Last week, while I was meeting with a client, she started talking about a new crisis in her life that was causing her distress. (For the purpose of this article, I’m going to call my client “Julie.”) At any other time in her life, Julie would have easily been able to handle the type of crisis she was going through, but this time she was in severe distress.
After telling me what happened, she said, “I just don’t think I can take anymore.” I immediately replied, “If you say you can’t take anymore, you won’t be able to get through this. You have to be careful about how you think and respond to any crisis that comes your way.”
Julie didn’t react to my statement the way I expected her to. Ordinarily she would have been open to my comments, but this time was different. She looked at me with an expression of anger and disdain. It appeared as though she was about to start crying. I reactively followed up with some questions and then I made some outlandish comments that threw her off guard and made her start laughing.
There’s a saying that “Life can either be a comedy or a tragedy. It all depends on how you view it.” I suppose that if most of us had a choice between living in a comedy or a tragedy, we would choose the comedy. That’s why I frequently attempt to find humor in even the most dire situations.
The reason Julie didn’t feel as though she could take anymore was because for the past eight months, she has lived through four major personal crises, all of which involved her husband and/or her children. I’ve known Julie for more than 10 years and she’s not the type of person who gives up easily, but her current situation pushed her to the edge.
You may have heard of Viktor Frankl, the author of the best-selling book, Man’s Search for Meaning. During the 1940s, Frankl spent three years in two different Nazi death camps. While Frankl lived to write about his experiences in the death camps, his wife and every other member of his family were killed by the Nazis, except for his sister who was able to escape to Australia.
Frankl wrote that the way the Nazis dealt with their prisoners was to first destroy their wills to live, and then destroy their bodies. In order to maintain hope (and his will to live), he developed a daily ritual that he faithfully followed.
Frankl came to realize that he needed to do three things every day to guard against the onslaught of mental and physical abuse that the Nazis leveled against him.
First, he determined that he needed to pick out something every day that he was thankful for. One habit that Frankl developed was to look out a certain window every morning at a tree that was growing on a hill in the distance. Each day when he looked at the tree, he reminded himself of how thankful he was for the beautiful tree. The process of observing the tree every day allowed him to continually develop a further appreciation for the four seasons — spring, summer, fall, and winter.
The second thing that Frankl did each day was find something to laugh about. Can you imagine the difficulty of being in a concentration camp knowing that your family members were being tortured or murdered, and realizing that it was only a matter of time before you would suffer the same fate? It would be extremely difficult to find something to be thankful for or to laugh about.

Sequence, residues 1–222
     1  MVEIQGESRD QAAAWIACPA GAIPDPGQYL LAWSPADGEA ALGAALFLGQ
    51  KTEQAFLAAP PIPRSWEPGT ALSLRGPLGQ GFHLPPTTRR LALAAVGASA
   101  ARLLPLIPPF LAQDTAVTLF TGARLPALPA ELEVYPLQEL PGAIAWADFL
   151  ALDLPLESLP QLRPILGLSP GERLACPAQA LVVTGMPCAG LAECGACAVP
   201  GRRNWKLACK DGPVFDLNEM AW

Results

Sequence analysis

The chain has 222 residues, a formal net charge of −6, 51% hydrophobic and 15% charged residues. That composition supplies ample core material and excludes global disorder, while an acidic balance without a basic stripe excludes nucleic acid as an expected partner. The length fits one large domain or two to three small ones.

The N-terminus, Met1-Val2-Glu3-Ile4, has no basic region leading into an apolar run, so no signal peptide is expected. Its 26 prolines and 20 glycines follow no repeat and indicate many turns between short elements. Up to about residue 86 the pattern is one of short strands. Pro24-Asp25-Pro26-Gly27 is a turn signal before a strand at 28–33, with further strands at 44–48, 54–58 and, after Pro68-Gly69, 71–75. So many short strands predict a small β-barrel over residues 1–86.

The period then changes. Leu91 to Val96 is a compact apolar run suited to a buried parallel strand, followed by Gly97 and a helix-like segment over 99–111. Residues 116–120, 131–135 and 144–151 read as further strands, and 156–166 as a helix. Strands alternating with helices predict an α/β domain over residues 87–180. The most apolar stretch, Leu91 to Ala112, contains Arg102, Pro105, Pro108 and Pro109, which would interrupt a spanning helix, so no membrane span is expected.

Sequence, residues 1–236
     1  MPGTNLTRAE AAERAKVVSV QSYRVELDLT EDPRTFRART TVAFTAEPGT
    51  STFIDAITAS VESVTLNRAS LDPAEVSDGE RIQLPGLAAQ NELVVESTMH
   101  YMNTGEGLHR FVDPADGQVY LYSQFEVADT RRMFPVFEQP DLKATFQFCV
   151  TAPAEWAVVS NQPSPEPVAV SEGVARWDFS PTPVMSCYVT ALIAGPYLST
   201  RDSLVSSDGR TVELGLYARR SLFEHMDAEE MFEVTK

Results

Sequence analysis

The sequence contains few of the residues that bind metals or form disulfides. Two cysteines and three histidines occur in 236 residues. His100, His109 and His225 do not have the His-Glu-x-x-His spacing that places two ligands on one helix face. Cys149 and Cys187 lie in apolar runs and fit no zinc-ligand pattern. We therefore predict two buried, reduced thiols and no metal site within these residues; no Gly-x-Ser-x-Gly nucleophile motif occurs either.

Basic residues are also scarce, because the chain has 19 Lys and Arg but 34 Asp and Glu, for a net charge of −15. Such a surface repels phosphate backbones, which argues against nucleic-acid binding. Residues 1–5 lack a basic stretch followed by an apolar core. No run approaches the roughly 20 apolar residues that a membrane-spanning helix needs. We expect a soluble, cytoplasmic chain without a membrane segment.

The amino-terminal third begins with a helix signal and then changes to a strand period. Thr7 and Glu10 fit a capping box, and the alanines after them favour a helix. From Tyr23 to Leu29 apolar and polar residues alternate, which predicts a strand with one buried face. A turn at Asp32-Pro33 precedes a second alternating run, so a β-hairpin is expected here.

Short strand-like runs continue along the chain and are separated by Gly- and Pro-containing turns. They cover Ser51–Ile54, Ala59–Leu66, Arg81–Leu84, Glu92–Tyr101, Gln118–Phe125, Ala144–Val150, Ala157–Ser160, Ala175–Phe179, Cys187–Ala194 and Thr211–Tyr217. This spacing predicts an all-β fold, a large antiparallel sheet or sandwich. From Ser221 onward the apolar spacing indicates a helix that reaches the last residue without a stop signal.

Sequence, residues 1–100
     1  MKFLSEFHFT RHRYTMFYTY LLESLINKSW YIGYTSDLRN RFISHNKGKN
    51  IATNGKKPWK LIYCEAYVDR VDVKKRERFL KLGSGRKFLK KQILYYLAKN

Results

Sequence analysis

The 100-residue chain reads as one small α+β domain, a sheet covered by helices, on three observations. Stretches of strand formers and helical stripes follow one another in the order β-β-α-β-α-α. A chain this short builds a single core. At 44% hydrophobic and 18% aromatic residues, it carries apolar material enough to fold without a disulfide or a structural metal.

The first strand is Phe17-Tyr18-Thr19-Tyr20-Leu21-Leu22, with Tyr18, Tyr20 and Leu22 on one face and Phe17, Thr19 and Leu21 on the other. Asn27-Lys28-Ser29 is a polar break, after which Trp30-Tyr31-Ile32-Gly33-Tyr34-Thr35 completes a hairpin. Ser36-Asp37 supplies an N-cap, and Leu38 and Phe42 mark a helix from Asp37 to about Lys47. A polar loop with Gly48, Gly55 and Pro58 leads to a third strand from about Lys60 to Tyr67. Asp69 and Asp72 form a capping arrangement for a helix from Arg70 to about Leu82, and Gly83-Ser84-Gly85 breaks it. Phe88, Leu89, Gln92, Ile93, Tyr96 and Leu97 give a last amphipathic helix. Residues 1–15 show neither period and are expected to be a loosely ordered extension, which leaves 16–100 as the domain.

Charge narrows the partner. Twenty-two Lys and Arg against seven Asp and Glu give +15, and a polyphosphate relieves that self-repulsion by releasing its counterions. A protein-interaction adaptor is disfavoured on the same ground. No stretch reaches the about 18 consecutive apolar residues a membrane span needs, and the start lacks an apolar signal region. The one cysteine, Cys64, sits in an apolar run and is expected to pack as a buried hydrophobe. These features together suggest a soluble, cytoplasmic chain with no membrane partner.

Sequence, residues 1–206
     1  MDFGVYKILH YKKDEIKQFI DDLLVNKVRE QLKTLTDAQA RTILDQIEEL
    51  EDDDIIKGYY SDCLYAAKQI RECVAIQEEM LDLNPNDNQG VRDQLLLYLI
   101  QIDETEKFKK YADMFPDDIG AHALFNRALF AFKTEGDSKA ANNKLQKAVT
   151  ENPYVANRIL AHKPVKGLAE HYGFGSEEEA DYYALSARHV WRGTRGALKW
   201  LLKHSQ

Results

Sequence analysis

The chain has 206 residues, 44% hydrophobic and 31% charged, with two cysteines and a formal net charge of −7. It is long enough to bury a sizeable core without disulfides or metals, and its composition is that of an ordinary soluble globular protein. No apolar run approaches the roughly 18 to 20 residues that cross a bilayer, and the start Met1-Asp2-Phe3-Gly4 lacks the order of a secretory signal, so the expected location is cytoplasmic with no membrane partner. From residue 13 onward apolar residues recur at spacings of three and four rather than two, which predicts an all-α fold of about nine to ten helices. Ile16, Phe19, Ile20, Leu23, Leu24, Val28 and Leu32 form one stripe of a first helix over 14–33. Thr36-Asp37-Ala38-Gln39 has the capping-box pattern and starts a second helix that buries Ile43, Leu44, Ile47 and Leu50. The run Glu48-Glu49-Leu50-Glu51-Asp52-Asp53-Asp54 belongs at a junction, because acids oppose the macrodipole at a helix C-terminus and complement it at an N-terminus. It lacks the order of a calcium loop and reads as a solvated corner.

The third thing that Frankl did each day was find someone who he could help.
One thing that Frankl realized was that while the Nazis were in control of outside circumstances, he was in control of what went on within his own mind. He was also in control of how he responded to what the Nazis did to him.
True happiness begins with how we respond to difficulties and hardships. We all have choices that we have to make. Are we going to respond to a problem with self-pity or are we going to respond with gratitude and appreciation for what we have?
Are we going to focus on our own pain and suffering or are we going to focus on helping someone who is experiencing a hardship or difficulty? And are we going to be able to step away from our own situation long enough to have some fun and laugh about something that is going on around us?
We all know people who are never happy. Their primary problem is that they always look outside themselves for their happiness. They have developed the habit of blaming external factors for their unhappiness — they don’t have enough money, or their spouse works too many hours, or their spouse doesn’t pay enough attention to them, or their parents don’t understand them, or their employer is unfair to them.
They don’t realize that their own happiness has to start on the inside.
I’m sure you’ve heard the saying that “God has a sense of humor.” Not only does He have a sense of humor, but He created each of us with a sense of humor. He wants us to have fun and laugh about ourselves and the circumstances we’re involved in.
He also wants us to be thankful and show appreciation for every gift that He has given us — even the gifts that cause us enough pain to force us to grow and change into better individuals. And, of course, He wants us to reach out to our neighbors and assist them when they are in need.
I talked to my client the day after she told me that she didn’t think she could take it anymore and she was back to her old self — happy, confident, and ready to conquer her day.
Can you find something to be thankful for today? Is there something that you can laugh about today? Who can you reach out to and help today?
Embrace this three-part formula and your life will be happier, more meaningful, and more rewarding.
Again, blessings to you, Harry, for a story with a lesson to be learned and put into practice! I’ve often said, “I could write
a book!” This is said sometimes in “jest” because of the humorous
things that have happen, but if I once got started, there would be
no end to the incidents it could include…
Thank you, with love to you and Georgette! Sister Roberta